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    Just my observation. I have been doing only all grain for a few years and never had a “twang” like I sometimes got in Kits. Same water profile everything, yet my AG beer is drinkable almost as soon as it is bottled..well within a couple of days. A few weeks ago my uncle gave me a kit from the range that he was given but didn’t get round to making and now had no room so I made it. I did pimp it a bit with a steep of Carapils and Chocolate malt to give it a bit more body/flavour. Bottled it and then had one one week and then two weeks later and there was that horrible homebrew twang. It isn’t the water in my opinion must be the ingredients, yeast or maybe just the sugar that gets added. I know that eventually it will be drinkable but doesn’t make me ever to want to back to Kits.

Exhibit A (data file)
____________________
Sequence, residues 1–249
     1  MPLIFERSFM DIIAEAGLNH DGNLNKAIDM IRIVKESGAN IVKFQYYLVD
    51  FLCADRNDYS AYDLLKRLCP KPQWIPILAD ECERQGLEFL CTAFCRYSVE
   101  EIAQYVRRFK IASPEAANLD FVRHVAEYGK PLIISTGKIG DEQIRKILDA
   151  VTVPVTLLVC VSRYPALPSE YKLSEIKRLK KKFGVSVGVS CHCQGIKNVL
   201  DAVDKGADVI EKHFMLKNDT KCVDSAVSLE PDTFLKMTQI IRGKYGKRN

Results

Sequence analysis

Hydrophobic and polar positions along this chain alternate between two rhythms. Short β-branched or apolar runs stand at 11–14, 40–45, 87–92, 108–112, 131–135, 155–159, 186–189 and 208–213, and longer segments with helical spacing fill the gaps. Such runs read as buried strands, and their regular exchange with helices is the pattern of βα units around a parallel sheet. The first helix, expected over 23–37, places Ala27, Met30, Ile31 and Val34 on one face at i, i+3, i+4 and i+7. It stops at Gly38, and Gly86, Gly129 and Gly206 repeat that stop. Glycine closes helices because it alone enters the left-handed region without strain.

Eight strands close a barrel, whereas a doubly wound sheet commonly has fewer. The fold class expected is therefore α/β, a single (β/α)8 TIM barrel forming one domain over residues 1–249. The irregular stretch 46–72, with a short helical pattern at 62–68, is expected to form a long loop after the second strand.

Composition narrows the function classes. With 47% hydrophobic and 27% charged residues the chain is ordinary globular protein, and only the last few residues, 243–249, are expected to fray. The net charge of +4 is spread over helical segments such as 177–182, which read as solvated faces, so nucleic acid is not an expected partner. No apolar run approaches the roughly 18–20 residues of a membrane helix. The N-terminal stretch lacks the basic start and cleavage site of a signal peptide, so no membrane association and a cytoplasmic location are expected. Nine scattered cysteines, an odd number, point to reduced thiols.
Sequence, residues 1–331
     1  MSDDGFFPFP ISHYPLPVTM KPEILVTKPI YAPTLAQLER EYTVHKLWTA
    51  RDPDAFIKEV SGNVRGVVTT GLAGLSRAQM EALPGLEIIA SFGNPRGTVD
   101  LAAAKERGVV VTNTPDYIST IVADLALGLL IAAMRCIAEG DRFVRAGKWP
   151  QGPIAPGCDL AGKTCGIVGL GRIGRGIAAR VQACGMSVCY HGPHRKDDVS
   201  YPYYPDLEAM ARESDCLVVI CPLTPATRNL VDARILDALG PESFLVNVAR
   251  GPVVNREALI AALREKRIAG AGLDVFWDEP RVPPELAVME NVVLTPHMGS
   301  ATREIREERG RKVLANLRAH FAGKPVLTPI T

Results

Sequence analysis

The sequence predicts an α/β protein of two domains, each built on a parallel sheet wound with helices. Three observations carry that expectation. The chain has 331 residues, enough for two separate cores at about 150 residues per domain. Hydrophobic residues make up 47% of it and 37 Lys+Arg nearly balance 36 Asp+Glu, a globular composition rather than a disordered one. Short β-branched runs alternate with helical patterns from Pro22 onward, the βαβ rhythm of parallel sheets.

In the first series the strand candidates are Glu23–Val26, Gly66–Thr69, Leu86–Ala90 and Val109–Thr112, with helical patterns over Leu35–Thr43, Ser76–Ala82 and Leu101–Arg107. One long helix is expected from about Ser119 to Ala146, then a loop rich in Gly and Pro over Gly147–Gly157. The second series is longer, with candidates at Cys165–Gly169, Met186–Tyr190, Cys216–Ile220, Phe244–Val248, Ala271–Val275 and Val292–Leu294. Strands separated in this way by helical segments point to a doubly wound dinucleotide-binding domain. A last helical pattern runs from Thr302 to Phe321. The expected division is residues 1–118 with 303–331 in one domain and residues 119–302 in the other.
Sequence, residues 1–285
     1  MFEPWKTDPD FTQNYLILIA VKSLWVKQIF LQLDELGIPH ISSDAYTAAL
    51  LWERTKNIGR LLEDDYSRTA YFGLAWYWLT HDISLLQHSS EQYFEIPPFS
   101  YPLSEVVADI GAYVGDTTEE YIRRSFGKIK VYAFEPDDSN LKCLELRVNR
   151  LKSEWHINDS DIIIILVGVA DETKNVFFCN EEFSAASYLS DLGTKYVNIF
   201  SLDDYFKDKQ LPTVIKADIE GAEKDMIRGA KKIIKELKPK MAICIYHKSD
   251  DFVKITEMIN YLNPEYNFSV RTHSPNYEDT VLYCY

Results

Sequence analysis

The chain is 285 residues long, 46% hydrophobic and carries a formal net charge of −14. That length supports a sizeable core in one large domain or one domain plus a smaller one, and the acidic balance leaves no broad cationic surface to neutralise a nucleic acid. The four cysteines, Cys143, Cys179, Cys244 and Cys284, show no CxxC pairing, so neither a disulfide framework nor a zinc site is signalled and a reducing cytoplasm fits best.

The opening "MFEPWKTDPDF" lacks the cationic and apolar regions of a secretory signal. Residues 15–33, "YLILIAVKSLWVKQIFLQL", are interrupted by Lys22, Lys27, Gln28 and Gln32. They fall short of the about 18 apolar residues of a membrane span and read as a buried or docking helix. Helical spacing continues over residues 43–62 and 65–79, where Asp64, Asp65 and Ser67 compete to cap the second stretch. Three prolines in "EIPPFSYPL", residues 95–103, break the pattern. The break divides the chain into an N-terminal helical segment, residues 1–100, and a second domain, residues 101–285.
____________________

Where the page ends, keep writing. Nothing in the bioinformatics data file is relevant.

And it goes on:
18. Nov 24, 2019 #58

    GerritT

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    Not the water, because it's only kits. And there is very little chloride in the water here.
    And DME doesn't produce the twang either. I'm testing now with hopped LME, I'll try a later test with unhopped LME.
     
  19. Nov 25, 2019 #59

    johncrobinson

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    Re:> Strange-steve. In my experiment the water was poured into glasses.Not drunk from the bottle.
    You mention chloramine,I think you may have a good point there.
    My water has a lot of peat in it,Soooo could be ????????

    Re:> GerritT. Also may have a good point.

    The mystery deepens.
     
  20. Nov 25, 2019 #60

    nige

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    I just love the word, Twang!!, I just assumed it was down to a very vigorous fermentation and leaving it too long over spent yeast.